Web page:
The United Nations today released its tally of all but 10 of the climate plans that countries have released to-date. If implemented, they'll slash greenhouse gas emissions by 4 billion tonnes annually, but the announcement came under a cloud as Indonesia's burning forests have already spewed 1 billion tonnes this year. That certainly wasn't part of their plan, and it highlights the difference between ambition and achievement.
By Steve Zwick
This story first appeared on Ecosystem Marketplace. Click here to view the original.
On Monday, Indonesian president Joko Widodo cut short his first official visit to the United States to deal with his country's burning peat forests, which pumped more greenhouse gasses into the atmosphere in the last month than the entire country of Japan did in the last year. Guido van der Werf of the Global Fire Emissions Database estimates that Indonesia's 100,000 fires have pumped 1 billion metric tons of carbon dioxide into the atmosphere this year - even as the country's climate action plan puts deforestation in the "yesterday's news" category.
On Wednesday, Greenpeace announced that a massive fire has been raging in the Brazilian Amazon for two months and already devoured almost half of the million-acre Arariboia Indigenous Reserve. If that report is true, then one fire alone has sent another 30 million metric tons of carbon dioxide to the atmosphere - even as Brazil's climate action plan neutralizes efforts to attract international forest funding from carbon markets.
Today, the United Nations released its tally of all national climate action plans submitted before October 1, and UN Climate Boss Christiana Figueres summarized the findings in three numbers:
"If fully implemented, these INDCs would bring us to a per-capita reduction of 8% by 2025 and 9% by 2030," she said, emphasizing the if. "As a whole, if implemented, they represent 4 gigatonnes of emission-reductions globally."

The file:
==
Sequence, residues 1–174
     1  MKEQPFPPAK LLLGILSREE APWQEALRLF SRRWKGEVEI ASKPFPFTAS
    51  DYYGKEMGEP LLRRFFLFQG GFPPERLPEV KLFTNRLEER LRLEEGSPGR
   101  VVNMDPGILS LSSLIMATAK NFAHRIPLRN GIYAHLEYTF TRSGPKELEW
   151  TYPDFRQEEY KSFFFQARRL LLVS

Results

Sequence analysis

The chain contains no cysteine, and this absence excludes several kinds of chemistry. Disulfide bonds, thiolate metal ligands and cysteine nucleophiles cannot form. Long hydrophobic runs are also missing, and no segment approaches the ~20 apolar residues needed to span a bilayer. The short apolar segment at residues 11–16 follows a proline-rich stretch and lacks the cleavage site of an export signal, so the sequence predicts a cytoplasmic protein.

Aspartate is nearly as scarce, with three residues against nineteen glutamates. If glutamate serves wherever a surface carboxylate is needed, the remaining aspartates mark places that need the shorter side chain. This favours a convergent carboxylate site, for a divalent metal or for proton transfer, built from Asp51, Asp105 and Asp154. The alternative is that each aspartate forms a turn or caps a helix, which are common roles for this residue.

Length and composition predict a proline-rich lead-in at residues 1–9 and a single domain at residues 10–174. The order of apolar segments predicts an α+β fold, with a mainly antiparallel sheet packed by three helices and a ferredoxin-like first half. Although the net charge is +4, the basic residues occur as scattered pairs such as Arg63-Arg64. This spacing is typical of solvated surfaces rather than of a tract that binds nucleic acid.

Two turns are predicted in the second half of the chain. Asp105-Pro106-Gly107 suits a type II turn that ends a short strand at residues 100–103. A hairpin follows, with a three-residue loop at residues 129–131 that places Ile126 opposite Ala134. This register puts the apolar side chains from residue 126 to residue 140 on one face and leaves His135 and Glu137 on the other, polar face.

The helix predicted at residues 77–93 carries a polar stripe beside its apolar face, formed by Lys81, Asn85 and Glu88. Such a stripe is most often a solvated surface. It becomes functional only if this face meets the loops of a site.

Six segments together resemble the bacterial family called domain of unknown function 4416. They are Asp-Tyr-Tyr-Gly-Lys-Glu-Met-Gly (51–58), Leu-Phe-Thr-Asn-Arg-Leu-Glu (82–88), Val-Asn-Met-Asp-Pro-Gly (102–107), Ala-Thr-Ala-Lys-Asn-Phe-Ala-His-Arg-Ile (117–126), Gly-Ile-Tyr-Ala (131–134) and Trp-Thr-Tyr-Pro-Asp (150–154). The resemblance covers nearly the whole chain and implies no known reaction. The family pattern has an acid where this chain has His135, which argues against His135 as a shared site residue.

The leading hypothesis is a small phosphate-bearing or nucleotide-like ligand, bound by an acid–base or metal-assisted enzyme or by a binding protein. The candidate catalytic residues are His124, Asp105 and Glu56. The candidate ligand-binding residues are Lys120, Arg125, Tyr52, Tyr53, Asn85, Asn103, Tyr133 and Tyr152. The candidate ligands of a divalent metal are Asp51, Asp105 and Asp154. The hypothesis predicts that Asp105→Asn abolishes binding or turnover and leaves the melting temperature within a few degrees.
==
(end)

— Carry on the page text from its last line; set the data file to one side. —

INDCs are UN lingo for "Intended Nationally-Determined Contributions", which are the action plans that countries have been submitting all year, and most estimates say they're good enough to prevent global temperatures from rising more than 2.7°C over the next century. That's an improvement over the 4-5°C projected under a business-as-usual scenario, but still well below the 2°C threshold beyond which all bets are off.
"It is a step," said Figueres. "It is a remarkable step, but it is not enough."
If INDCs have you baffled, be sure to check out our coverage from last week's talks in Bonn:
Paris And The Amazing Technicolor Charm-Quilt: Why This Year's Climate Talks Really Are Different offers a simple introduction to the new negotiating dynamic that began in Warsaw at the end of 2013 and will be central to this year's talks in Paris.
Forests Look Set To Play Big Role In Paris Patchwork Climate Accord is our Friday wrap and includes interviews with observers from The Nature Conservancy, the World Resources Institute, and our own parent organization, Forest Trends.